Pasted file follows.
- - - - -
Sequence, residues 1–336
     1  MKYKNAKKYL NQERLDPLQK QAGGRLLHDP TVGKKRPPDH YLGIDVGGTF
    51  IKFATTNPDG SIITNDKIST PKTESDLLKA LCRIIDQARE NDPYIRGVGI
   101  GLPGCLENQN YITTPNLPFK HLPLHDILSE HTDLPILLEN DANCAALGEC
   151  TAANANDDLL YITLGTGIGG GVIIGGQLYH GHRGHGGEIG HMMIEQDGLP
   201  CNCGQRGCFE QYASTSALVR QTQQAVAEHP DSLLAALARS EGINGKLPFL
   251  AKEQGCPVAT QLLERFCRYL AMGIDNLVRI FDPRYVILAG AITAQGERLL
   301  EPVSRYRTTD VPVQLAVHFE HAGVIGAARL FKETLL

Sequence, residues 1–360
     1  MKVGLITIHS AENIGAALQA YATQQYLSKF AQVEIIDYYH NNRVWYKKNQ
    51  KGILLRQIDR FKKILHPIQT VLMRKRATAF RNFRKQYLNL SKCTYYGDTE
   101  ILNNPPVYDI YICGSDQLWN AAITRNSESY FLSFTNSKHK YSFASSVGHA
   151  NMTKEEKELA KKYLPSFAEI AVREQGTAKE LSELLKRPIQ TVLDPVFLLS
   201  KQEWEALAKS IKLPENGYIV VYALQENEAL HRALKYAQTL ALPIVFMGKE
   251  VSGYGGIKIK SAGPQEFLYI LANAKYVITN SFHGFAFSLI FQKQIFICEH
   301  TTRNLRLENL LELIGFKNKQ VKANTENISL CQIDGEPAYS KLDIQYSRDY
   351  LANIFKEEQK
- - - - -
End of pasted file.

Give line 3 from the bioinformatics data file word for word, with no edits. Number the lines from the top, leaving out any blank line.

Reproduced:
    51  IKFATTNPDG SIITNDKIST PKTESDLLKA LCRIIDQARE NDPYIRGVGI